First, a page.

In 2009, Tennessee took a bold move to help curb underage drinking – they passed a social host law making it illegal for an adult to knowingly host an underage drinking party. But after seeing little to no action taken on the law, the Coffee County Anti-Drug Coalition took matters into their own hands.
Although the President’s FY 2014 Budget Request contained a $6.3 million cut to the Drug Free Communities (DFC) program, due to the collective advocacy of CADCA and the substance abuse prevention field, both the House and the Senate Appropriations Committees have recommended funding levels above the President’s Budget Request.
Did you know that one in 10 youth ages 12 through 17 has abused cough medicine to get high from its dextromethorphan ingredient, and one in 5 young adults has abused a prescription drug? Help raise awareness of the dangers of prescription (Rx) drug abuse and over-the-counter (OTC) cough medicine abuse during National Medicine Abuse Awareness Month in October, and take part in the CADCA 50 Challenge.
The Washington Post reported that the Food and Drug Administration said for the first time Tuesday that menthol-flavored cigarettes probably pose a greater risk to public health than standard cigarettes, largely reaffirming the findings of an agency advisory committee two years ago and potentially laying the groundwork for tighter regulations in the future.
Regular marijuana use in adolescence may permanently impair brain function and cognition, and may increase the risk of developing serious psychiatric disorders such as schizophrenia, according to a new study from the University of Maryland School of Medicine. The study was published in Neuropsychopharmacology — a publication of the journal Nature.
More than 1,700 substance abuse prevention and treatment specialists from across the country convened in Austin, Texas this week for CADCA’s 2013 Mid-Year Training Institute, where they gained new skills to tackle their community’s drug and crime problems.
Whether you’re looking for advice on how to get a smoke-free ordinance passed or need help identifying the right tobacco use prevention strategies for your community, CADCA’s tobacco prevention and control experts are here to help.
Calling all advocates! 1 in 20 teens abuse over-the-counter cough medicine to get high. You make a difference in the fight to protect minors from medicine abuse. CADCA’s partner the Consumer Healthcare Products Association (CHPA) and its campaign Stop Medicine Abuse have a new tool to link you directly to your elected officials! Click here to ask your U.S. senators to cosponsor the Preventing Abuse of Cough Treatments (PACT) Act (S.644).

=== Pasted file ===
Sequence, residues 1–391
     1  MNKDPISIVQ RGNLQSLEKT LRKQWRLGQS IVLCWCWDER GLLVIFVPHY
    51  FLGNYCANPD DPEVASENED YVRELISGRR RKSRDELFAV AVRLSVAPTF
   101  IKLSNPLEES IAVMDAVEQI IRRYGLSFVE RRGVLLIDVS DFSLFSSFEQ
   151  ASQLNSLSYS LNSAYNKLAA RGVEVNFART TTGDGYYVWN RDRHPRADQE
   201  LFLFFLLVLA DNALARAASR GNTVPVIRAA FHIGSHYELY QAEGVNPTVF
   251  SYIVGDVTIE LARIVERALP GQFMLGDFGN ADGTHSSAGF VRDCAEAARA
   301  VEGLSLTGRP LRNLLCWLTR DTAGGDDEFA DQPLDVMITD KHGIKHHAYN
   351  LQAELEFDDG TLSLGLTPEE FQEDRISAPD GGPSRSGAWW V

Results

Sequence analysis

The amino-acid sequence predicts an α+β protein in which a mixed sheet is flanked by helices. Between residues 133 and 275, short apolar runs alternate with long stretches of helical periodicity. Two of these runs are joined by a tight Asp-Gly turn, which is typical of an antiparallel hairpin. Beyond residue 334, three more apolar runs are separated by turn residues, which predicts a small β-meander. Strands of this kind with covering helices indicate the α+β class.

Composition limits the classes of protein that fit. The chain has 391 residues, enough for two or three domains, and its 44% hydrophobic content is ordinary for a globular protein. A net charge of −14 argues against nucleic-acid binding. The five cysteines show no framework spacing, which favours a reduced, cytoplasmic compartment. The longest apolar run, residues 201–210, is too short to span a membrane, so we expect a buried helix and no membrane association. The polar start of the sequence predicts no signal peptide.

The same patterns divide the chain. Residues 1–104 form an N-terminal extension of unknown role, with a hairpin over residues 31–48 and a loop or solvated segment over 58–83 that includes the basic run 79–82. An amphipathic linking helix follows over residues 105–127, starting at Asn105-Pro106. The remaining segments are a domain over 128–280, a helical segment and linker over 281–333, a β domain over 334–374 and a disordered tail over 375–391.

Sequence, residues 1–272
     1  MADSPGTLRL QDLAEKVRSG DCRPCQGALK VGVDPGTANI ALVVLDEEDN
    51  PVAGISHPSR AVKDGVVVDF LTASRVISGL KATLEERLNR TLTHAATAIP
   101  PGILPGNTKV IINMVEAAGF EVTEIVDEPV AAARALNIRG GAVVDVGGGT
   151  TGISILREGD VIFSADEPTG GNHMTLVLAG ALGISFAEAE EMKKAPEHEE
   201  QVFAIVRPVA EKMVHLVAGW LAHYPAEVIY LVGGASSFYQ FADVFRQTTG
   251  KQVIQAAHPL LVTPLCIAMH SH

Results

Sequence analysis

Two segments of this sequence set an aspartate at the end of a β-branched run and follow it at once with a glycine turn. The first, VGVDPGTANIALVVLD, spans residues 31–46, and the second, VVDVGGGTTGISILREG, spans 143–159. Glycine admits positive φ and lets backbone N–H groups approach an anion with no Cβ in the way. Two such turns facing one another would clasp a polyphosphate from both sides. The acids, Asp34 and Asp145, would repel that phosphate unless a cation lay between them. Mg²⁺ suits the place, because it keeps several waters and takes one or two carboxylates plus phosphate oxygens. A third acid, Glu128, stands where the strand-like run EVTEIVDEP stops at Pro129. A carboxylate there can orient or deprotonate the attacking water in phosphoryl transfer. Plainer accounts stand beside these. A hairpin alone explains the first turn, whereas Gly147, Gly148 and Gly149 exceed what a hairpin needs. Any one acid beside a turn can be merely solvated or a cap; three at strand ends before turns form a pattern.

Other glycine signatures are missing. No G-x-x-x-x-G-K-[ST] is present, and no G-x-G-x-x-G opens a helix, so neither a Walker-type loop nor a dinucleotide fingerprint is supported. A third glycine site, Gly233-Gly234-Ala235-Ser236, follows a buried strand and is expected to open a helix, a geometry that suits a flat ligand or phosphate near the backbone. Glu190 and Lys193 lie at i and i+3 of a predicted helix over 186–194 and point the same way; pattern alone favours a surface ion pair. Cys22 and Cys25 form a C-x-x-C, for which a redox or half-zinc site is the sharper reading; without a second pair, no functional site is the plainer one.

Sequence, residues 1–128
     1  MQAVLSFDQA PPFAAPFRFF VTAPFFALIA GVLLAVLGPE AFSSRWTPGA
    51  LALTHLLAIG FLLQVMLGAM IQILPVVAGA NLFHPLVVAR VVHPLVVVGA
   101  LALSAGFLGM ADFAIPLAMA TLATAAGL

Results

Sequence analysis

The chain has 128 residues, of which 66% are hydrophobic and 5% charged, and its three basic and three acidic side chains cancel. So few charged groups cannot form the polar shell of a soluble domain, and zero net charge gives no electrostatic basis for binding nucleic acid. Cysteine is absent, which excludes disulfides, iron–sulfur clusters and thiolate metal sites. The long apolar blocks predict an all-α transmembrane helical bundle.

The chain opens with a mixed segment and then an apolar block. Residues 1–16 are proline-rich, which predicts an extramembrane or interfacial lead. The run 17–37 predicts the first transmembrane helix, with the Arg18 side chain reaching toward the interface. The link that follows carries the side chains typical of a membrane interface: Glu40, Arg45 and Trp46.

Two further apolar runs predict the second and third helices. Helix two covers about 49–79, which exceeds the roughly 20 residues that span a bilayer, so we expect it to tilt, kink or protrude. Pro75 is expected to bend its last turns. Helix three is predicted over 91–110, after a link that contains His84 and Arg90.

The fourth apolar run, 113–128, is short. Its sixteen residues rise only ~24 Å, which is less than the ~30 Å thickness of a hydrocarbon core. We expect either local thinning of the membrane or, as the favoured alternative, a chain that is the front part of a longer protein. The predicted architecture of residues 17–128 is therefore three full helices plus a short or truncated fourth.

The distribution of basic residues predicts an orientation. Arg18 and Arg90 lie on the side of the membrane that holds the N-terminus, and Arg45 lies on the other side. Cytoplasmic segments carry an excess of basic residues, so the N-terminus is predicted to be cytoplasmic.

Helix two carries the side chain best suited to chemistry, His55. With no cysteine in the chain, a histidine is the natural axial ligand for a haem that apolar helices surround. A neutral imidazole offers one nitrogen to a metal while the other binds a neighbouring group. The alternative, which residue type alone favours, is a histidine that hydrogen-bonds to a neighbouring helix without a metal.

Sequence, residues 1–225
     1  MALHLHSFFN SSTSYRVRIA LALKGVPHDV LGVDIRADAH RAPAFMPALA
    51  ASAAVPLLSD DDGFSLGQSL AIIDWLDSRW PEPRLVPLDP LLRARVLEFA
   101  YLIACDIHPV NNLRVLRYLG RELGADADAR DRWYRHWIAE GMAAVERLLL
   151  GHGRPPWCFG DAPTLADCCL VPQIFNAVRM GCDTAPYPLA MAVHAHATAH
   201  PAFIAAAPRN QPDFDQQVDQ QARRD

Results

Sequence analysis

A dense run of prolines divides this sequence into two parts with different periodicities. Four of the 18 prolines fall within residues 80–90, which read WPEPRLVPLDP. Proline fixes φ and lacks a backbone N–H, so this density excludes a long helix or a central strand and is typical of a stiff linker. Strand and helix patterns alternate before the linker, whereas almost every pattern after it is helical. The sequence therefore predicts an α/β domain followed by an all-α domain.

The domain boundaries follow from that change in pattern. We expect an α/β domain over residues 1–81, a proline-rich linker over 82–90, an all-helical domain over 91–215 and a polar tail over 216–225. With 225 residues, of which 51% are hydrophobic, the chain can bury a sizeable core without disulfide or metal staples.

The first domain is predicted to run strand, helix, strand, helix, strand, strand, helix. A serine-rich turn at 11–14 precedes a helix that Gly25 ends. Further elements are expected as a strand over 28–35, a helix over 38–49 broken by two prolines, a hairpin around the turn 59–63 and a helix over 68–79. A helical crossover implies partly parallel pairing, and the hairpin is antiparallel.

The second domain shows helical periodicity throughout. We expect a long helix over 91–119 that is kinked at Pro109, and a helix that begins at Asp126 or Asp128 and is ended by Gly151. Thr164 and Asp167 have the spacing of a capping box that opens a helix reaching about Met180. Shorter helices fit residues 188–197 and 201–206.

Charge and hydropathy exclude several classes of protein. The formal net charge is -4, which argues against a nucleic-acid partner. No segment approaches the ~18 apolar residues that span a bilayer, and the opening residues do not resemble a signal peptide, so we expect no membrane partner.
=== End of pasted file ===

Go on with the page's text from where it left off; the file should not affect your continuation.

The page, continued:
Almost one percent of all buyers of addictive pain medications in the U.S. were estimated to be “doctor shoppers” who bought large amounts, presumably for illicit use, according to a study from Abt Associates published today in the journal PLOS ONE.
Restaurants and businesses may have smoke-free policies but are your local schools smoke- or tobacco-free? As the Jackson County Substance Abuse Prevention Coalition (JCSAPC) in Michigan discovered, just because your state has a smoke-free law in place doesn’t mean all schools do.
A study reported by Medical News Today showed that young people with impulsive tendencies are more prone to drinking heavily at an early age. The study was conducted by scientists at the University of Liverpool.
As reported by Reuters, a recent study by the World Health Organization (WHO) found that anti-smoking measures, such as higher taxes on tobacco products, smoke-free policies in public places, and bans on advertisements and promotions could prevent tens of millions of premature deaths across the world.
Calling prescription drug abuse the “most challenging” substance use disorder the country is facing, Dr. Nora Volkow, Director of the National Institute on Drug Abuse (NIDA), said there are ways to address this problem. Dr. Volkow was among the speakers at a Friends of NIDA briefing, co-sponsored by CADCA and several other organizations, held on Wednesday on Capitol Hill.